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By Mari D. González
The less segregation, the more assimilation. It is a give and take situation.
The highest level of education a Latin American immigrant has, the more willing he/she is to assimilate. Yet, he/she gives up his cultural origins. In terms of their level of integration in the U.S., there are implications for both the Mexicans and the more assimilated Latin American groups in the U.S. While the later might enjoy greater economical benefits than Mexicans, Mexicans is the only ethnic group that has kept its cultural roots generation after generation at the expense of not enjoying such economical benefits.
While Mexicans have refused to assimilate, they have influenced the U.S. culture in every way. A couple hundred years from now, the only culture alive in the U.S. will be the Mexican (Dia de los Muertos, piñatas, mariachi, tacos, etc.). The rest will be passing technology, brands, and disposable things. Mexicans have the ability to layer several cultures without renouncing their own. I’m very proud of every single bilingual and bicultural Mexican-American in the U.S.
By Mari D González
Last summer, I presented at the Localization Industry Standards Association (LISA) conference held at UC Berkeley and one of the participants asked me at the end, “How do you feel about presenting when most of your fellow Mexicans are labor workers?”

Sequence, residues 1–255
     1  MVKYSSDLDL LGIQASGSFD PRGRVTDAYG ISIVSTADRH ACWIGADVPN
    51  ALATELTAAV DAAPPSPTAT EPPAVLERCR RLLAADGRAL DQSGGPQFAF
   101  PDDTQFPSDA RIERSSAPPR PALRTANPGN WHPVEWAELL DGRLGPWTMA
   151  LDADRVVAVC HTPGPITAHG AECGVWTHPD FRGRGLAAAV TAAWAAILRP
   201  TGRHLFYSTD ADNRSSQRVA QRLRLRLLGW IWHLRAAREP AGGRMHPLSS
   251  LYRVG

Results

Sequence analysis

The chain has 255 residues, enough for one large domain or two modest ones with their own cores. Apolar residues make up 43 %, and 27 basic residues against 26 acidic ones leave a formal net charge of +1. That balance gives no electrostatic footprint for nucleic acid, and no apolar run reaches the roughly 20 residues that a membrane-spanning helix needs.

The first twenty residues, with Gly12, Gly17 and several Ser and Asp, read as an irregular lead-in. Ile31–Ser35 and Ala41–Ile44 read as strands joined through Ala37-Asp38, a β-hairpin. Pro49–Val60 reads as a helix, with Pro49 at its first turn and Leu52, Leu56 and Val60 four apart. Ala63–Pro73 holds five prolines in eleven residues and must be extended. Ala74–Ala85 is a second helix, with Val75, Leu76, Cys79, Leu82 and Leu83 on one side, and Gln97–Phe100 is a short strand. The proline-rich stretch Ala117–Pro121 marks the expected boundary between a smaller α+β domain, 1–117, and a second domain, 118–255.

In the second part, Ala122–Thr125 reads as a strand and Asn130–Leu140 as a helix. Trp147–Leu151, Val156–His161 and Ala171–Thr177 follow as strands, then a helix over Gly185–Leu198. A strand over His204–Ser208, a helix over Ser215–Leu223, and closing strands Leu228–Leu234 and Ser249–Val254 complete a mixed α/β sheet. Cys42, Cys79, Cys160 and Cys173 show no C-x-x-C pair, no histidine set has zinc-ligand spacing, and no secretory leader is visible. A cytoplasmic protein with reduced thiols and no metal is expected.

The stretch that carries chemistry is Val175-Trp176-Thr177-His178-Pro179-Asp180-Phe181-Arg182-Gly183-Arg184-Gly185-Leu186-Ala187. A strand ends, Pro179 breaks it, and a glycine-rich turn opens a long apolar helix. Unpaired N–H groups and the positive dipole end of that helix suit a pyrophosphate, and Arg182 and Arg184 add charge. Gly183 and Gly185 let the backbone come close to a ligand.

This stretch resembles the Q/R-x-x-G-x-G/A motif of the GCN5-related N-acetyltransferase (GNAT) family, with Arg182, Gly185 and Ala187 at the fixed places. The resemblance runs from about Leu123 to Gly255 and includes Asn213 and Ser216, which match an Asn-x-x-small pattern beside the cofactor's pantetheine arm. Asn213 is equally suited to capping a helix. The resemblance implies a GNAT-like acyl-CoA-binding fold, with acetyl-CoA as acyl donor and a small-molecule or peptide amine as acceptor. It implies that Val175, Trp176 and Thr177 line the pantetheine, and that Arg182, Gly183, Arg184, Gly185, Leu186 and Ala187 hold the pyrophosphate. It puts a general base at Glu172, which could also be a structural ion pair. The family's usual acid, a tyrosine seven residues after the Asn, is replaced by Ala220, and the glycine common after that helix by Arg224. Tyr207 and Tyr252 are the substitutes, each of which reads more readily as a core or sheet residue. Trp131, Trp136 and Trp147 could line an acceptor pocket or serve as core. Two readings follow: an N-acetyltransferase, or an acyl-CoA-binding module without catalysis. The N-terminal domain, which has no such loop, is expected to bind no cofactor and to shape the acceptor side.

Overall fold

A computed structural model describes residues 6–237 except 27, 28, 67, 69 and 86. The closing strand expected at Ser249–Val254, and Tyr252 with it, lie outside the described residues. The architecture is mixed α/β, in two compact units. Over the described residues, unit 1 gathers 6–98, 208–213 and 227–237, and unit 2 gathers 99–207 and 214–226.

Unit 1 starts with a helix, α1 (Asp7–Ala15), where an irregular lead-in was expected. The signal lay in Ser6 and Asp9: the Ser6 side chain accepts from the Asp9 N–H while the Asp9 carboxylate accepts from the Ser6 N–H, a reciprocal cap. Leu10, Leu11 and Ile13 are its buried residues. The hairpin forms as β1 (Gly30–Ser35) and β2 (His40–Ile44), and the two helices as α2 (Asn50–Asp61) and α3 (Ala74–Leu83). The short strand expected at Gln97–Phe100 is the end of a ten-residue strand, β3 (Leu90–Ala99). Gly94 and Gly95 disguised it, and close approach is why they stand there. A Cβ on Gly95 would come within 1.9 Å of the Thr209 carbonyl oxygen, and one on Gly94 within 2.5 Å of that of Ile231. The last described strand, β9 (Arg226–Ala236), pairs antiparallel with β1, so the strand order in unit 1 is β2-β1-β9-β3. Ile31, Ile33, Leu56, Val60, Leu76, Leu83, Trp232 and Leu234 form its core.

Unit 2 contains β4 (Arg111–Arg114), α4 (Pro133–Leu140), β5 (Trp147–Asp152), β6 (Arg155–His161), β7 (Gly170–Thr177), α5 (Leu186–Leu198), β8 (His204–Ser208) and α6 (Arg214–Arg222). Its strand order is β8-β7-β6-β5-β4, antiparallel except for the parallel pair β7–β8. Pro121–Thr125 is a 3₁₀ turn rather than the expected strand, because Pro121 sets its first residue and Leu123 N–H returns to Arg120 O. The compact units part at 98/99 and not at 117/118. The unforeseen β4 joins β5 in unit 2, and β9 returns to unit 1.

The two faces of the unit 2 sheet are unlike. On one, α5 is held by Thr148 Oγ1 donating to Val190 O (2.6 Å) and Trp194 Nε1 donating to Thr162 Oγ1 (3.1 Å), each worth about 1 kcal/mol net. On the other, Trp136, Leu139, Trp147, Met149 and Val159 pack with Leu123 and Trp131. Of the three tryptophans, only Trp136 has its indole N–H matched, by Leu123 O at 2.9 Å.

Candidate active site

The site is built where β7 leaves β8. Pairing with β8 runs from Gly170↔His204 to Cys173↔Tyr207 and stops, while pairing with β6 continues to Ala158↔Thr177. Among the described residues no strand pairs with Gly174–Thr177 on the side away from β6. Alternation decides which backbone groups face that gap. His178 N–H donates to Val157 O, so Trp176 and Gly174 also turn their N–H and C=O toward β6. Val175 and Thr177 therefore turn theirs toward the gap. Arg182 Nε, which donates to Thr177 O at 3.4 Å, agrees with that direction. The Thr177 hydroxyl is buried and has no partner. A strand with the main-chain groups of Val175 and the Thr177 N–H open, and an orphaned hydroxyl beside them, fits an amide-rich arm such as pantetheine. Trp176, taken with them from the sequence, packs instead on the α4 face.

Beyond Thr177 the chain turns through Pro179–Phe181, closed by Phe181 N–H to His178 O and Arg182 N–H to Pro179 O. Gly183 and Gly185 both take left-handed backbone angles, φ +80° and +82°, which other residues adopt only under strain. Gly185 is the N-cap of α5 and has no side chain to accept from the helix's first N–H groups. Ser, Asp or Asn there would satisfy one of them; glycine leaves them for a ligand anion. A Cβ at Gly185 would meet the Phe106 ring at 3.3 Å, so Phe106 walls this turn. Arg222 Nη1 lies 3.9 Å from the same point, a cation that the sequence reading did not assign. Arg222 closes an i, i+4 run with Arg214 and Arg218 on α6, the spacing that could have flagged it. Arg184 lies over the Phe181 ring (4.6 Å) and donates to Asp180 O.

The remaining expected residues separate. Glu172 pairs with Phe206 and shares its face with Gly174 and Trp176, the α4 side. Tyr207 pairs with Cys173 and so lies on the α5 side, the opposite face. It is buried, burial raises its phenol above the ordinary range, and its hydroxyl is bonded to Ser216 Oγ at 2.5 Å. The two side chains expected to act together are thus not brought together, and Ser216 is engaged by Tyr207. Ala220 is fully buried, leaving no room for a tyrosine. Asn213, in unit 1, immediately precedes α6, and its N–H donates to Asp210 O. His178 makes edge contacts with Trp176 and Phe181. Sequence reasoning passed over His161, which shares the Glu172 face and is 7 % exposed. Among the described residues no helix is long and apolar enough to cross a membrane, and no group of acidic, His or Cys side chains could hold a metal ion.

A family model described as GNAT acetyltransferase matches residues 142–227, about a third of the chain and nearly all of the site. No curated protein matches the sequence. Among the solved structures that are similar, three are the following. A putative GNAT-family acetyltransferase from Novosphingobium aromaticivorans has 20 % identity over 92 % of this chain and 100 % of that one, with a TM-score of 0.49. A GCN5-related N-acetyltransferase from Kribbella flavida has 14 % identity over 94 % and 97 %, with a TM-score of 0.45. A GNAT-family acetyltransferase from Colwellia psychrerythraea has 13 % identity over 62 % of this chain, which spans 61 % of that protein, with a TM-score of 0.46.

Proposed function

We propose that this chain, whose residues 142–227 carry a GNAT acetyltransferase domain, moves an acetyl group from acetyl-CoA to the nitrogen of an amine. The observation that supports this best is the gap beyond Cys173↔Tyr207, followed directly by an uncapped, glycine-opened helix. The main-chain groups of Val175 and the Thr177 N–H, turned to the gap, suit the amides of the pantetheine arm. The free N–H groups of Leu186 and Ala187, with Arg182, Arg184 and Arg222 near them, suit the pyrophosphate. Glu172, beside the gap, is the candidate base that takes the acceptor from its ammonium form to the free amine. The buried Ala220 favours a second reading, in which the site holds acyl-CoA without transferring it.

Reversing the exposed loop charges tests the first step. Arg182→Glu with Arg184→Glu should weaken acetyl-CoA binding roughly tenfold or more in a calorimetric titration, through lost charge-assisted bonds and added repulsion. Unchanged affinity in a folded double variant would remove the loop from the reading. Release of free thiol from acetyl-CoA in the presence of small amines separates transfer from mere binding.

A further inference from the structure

I wishfully thought he had come across post-colonial studies given that he was a university professor abroad. I had overheard him talking about teaching a graduate course in Thailand. My assumptions resulted from a positive stereotype that is just as insidious.
I did not care to answer his question because it was not one I would have ever asked myself. Instead, I wondered if he, in the effort of protecting his ego, avoided asking: “How do I feel by listening to a Mexican given the unquestioned perception I have chosen to hold about her?”
My “Mexicaness” experience has been shaped by a series of life events. I did not grow up in the U.S. and thus was devoid of its color-classification through enculturation. Growing up in Mexico, I mingled and felt equally comfortable with my well-off relatives from Mexico City as with my father’s students at his materially-poor-but-dignifying-rich rural school where I attended first and second grades before entering the only private school in my hometown. I certainly could not have any sympathy for this professor’s views or feelings.
Yet, through his inquiry, he had informed me of his narrow individually-held perception and how he declined to challenge it by diffusing it toward me. He refused to expand his stereotype when he had the opportunity to. Unfortunately, he chose to see the little and tiny side of the broader whole despite of his long-traveled and -lived life.